In true jazzy tradition, Diana Krall’s restless creative spirit ensures that each tour is a markedly different adventure. In 2004, she unveiled some of her own songwriting for the first time and toured it with an intimate ensemble. In 2009, she donned evening gowns and sang in front of a 40-piece orchestra, highlighting the Samba-feel of her Quiet Nights album. Now she’s traveling farther back in time.
Finishing up the American leg of her current trek at the Moody Theater Tuesday night, Krall put an early-twentieth-century slant on her set that’s in-step with her most recent studio collection, the T-Bone Burnett-produced Glad Rag Doll. The disc revels in a vaudevillian time warp which she explained was largely inspired by 78rpm records her dad would play on his collection of old gramophones, one of which was perched at the far end of the stage.
Krall’s devotion to her craft elevates her beyond mere entertainer status; her dexterous piano playing and the breadth of her tastes have expanded her songbook into eclectic territories that never fail to surprise and delight. And while the new disc has received undue criticism as an ill-suited departure, the 48-year old Canadian wife of Elvis Costello proved that it fits right into her grand scheme, packing the obscure ragtime choices between standards and cherry-picked singer-songwriter surprises. The emphasis was on quality song choices more than any one genre.
Krall may have seemed a bit nervous when addressing the crowd, but her confidence spoke through the music, as she fearlessly sandwiched an eloquently-phrased cover of Neil Young’s “A Man Needs a Maid” between ancient tunes by Fats Waller and Fred E. Ahlert, all of which were performed on an upright player piano. If she were any less of a talent, the oddball stew of contemporary and classic would likely spoil. But with charisma and surprising pockets of vocal expression, she was able to meld tracks written by Buddy Miller and The Band with songs made famous by Ray Charles and Nat King Cole as if they were always meant to exist side-by-side. Out of context, her Latin-tinged take on Dylan’s “Subterranean Homesick Blues” could be construed as blasphemy, but the ballsy swagger oozing from her delivery made it hard to resist.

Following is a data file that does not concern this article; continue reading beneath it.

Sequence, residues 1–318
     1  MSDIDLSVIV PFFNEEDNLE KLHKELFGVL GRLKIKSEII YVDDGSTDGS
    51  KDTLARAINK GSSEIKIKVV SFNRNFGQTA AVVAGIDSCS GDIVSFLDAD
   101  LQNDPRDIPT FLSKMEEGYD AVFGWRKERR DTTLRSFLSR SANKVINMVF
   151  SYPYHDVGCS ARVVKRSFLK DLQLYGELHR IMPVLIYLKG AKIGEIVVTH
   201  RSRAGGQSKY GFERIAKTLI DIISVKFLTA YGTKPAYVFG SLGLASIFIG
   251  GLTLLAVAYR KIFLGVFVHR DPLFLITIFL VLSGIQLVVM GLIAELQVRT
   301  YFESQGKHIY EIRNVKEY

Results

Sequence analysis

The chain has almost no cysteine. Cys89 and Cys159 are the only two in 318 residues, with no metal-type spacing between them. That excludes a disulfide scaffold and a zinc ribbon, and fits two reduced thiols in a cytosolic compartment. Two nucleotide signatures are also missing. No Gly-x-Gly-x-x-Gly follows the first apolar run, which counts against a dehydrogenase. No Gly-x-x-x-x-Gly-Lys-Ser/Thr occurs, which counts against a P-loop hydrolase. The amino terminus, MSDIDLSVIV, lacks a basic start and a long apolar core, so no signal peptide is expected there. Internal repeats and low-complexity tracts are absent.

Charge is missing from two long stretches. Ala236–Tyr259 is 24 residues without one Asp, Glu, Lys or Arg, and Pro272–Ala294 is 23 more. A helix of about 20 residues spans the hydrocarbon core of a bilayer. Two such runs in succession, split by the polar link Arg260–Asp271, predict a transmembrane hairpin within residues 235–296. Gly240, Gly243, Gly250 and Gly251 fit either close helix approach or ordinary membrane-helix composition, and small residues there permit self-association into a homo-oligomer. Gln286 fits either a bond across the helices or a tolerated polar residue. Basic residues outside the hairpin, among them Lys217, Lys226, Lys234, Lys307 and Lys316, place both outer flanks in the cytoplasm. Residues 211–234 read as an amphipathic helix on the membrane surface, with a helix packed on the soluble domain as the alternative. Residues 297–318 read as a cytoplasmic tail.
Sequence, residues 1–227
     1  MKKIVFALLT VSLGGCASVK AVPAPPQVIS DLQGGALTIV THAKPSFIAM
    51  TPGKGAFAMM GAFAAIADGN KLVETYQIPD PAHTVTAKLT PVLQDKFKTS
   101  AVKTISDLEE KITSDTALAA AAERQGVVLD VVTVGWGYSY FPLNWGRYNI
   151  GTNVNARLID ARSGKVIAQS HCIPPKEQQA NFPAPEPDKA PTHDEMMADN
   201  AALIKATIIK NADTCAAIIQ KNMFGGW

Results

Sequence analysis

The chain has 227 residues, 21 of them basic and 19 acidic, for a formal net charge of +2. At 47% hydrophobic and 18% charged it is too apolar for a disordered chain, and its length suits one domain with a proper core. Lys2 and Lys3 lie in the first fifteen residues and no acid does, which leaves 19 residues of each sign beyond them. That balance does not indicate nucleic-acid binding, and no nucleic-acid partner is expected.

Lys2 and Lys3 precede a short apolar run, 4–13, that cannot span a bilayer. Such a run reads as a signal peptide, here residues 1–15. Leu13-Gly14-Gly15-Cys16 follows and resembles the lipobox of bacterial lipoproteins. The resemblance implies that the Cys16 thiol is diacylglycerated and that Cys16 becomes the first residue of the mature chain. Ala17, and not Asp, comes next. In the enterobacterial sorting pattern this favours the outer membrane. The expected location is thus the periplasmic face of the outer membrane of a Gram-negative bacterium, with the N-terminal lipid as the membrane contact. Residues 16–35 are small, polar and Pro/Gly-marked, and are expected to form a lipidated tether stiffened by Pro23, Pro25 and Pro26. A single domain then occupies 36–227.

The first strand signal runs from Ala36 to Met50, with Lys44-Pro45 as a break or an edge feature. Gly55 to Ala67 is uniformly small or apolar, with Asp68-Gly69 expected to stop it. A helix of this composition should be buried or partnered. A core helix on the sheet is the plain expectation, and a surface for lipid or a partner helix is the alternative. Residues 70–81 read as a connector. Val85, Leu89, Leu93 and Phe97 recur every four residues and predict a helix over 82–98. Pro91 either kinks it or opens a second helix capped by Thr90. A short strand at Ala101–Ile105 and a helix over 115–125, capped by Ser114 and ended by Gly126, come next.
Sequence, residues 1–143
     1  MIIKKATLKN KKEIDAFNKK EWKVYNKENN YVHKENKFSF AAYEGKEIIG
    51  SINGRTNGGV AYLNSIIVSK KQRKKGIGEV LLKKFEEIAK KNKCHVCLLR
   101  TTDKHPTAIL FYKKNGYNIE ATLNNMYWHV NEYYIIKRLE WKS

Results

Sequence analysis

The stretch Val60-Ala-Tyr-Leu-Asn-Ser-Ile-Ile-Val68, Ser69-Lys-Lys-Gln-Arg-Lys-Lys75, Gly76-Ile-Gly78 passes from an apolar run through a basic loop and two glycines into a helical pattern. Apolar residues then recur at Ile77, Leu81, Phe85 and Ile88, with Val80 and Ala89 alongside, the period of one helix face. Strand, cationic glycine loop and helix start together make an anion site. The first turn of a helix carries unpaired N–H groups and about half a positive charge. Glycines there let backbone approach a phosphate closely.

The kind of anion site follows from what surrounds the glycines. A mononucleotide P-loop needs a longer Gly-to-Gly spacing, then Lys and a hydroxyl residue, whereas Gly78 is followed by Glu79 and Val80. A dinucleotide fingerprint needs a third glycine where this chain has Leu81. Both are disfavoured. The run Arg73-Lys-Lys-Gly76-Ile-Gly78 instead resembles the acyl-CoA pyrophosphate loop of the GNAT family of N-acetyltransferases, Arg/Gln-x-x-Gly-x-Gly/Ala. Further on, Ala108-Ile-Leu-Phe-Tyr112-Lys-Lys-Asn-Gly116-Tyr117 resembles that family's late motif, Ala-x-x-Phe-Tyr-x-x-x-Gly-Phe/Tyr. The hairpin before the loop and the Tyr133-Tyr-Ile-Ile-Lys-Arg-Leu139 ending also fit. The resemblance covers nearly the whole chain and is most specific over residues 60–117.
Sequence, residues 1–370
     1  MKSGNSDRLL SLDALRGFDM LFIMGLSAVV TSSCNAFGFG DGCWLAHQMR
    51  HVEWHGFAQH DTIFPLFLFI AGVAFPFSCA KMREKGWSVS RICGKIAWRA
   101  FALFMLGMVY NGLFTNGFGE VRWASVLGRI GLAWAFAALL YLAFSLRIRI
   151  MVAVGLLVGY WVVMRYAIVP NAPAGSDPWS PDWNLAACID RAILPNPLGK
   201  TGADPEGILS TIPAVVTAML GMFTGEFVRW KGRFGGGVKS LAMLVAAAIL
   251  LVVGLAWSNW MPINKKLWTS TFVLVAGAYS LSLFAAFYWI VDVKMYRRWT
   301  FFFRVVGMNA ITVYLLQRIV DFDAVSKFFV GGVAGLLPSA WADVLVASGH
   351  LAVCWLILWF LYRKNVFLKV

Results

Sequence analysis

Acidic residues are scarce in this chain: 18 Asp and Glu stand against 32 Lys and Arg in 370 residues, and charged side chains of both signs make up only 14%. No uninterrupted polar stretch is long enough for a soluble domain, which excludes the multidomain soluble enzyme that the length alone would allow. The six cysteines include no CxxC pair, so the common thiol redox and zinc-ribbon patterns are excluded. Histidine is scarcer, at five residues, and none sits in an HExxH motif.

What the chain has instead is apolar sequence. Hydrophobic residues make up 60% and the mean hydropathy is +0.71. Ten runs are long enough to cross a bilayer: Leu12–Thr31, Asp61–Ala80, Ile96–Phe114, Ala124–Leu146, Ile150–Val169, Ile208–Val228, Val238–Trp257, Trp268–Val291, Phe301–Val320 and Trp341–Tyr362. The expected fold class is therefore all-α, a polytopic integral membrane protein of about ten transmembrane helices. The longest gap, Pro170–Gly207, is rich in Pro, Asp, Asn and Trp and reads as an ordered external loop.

Dennis Crouch’s upright bass and Kareem Riggins’ drumming made certain Krall had a solid rhythm section beneath her, but the standout band members were Aram Bajakian on guitar - an Armenian New Yorker who's worked with folks like John Zorn and Lou Reed - and Stewart Duncan. Bajakian let loose on a number of impressive solos, in particular a scorching tear through Tom Waits' "Tempation." Duncan, meanwhile, is the game-changing factor for this tour, infusing choices far and wide with old-timey flair via fiddle, ukulele, and banjo. Krall admitted to being a lousy ukulele player, but said she still considered it a sexy instrument - particularly when played while submerged in a bathtub of gin once the kids are asleep.
“The lower the bathwater gets, the better it sounds,” she joked.
The nearly two-and-a-half-hour performance was set on a stage of crushed red velvet curtains, clamshell lights and a towering crescent moon. Throughout, a screen played vintage dancing girls, Fritz Lang-style film loops and cameo-clips of famous actors. Krall timed her entrance to a sequence featuring Steve Buscemi singing “When the Curtain Comes Down” as a way of leading into her own version of the song, which actually closes Glad Rag Doll.
Say what you will about Diana Krall, her sustained baby-boomer popularity and sexpot good looks… but there’s nothing jazzier than knowing how to break all the rules as well as she does.
Photos By Amy Price
Words By Chris Treacy
By Amy Price in Arts & Entertainment on May 13, 2013 11:03 AM